The goal was to quantify seasonal water levels needed to maintain or enhance the reservoir fishery in Libby. This report summarizes data collected from July 1984 through July 1985, and, where appropriate, presents data collected since 1983. The Canada, Rexford, and Tenmile areas of the reservoir are differentially affected by drawdown. Relative changes in water volume and surface area are greatest in the Canada area and smallest in the Tenmile area. Reservoir morphology and hydraulics probably play a major role in fish distribution through their influence on water temperature. Greatest areas of habitat with optimum water temperature for Salmo spp. and kokanee occurred during the spring and fall months. Dissolved oxygen, pH and conductivity levels were not limiting during any sampling period. Habitat enhancement work was largely unsuccessful. Littoral zone vegetation plantings did not survive well, primarily the result of extreme water level fluctuations. Relative abundances of fish species varied seasonally within and between the three areas. Water temperature is thought to be the major influence in fish distribution patterns. Other factors, such as food availability and turbidity, may mitigate its influence. Sampling since 1975 illustrates a continued increase in kokanee numbers and a dramatic decline in redside shiners. Salmo spp., bull trout, and burbot abundances are relatively low while peamouth and coarsescale sucker numbers remain high. A thermal dynamics model and a trophic level components model will be used to quantify the impact of reservoir operation on the reservoir habitat, primary production, secondary production and fish populations. Particulate carbon will be used to track energy flow through trophic levels. A growth-driven population dynamics simulation model that will estimate the impacts of reservoir operation on fish population dynamics is also being considered.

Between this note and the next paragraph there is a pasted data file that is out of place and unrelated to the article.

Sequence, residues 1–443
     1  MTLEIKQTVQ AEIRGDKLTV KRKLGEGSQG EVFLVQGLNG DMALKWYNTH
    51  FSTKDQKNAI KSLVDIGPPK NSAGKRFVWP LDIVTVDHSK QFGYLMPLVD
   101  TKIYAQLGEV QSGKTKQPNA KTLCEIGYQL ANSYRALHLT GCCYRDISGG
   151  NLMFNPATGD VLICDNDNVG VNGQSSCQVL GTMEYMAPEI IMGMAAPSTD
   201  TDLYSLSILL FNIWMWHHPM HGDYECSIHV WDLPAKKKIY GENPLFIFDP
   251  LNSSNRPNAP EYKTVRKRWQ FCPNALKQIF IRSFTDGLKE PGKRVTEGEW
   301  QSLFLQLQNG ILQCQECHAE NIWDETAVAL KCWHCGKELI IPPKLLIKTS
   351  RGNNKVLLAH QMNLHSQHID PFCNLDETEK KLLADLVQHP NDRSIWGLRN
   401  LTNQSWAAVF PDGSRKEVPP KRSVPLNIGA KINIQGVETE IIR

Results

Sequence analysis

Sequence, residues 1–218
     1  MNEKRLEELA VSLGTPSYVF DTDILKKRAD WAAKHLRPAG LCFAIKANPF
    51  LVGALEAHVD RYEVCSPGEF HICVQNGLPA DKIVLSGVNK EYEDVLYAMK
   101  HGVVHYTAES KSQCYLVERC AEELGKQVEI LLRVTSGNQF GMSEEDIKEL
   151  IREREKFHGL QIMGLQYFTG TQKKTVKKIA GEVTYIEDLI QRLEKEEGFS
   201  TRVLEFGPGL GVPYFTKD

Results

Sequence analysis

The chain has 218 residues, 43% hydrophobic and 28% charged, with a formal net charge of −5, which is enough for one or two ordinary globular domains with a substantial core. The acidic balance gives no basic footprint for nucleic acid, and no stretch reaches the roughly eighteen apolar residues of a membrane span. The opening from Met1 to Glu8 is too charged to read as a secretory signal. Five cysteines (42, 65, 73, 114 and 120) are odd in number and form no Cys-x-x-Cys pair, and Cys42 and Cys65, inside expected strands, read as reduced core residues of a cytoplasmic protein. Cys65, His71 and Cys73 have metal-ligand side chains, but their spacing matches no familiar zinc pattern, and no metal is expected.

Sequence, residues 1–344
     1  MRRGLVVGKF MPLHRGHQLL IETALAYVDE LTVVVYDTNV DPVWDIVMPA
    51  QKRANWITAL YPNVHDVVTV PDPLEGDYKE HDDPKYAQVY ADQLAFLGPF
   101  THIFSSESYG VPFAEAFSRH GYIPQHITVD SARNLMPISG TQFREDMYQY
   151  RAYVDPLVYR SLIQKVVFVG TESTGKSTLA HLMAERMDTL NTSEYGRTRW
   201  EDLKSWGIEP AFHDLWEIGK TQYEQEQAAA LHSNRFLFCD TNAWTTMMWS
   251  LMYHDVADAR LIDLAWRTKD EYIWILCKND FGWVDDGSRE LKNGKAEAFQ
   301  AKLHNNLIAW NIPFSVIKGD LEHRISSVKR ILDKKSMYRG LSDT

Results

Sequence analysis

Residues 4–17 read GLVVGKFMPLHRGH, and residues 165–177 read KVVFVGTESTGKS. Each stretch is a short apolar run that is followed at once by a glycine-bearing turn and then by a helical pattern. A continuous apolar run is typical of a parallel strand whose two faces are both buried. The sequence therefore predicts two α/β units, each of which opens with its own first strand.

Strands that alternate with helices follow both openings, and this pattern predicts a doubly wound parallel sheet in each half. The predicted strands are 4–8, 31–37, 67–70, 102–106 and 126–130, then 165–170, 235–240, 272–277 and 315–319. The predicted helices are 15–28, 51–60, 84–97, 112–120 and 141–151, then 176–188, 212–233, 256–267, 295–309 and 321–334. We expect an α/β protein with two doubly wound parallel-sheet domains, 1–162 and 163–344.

10. An integrated approach to reservoir engineering at Pleasant Bayou Geopressured-Geothermal reservoir

    SciTech Connect (OSTI)

    Shook, G.M.

    1992-12-01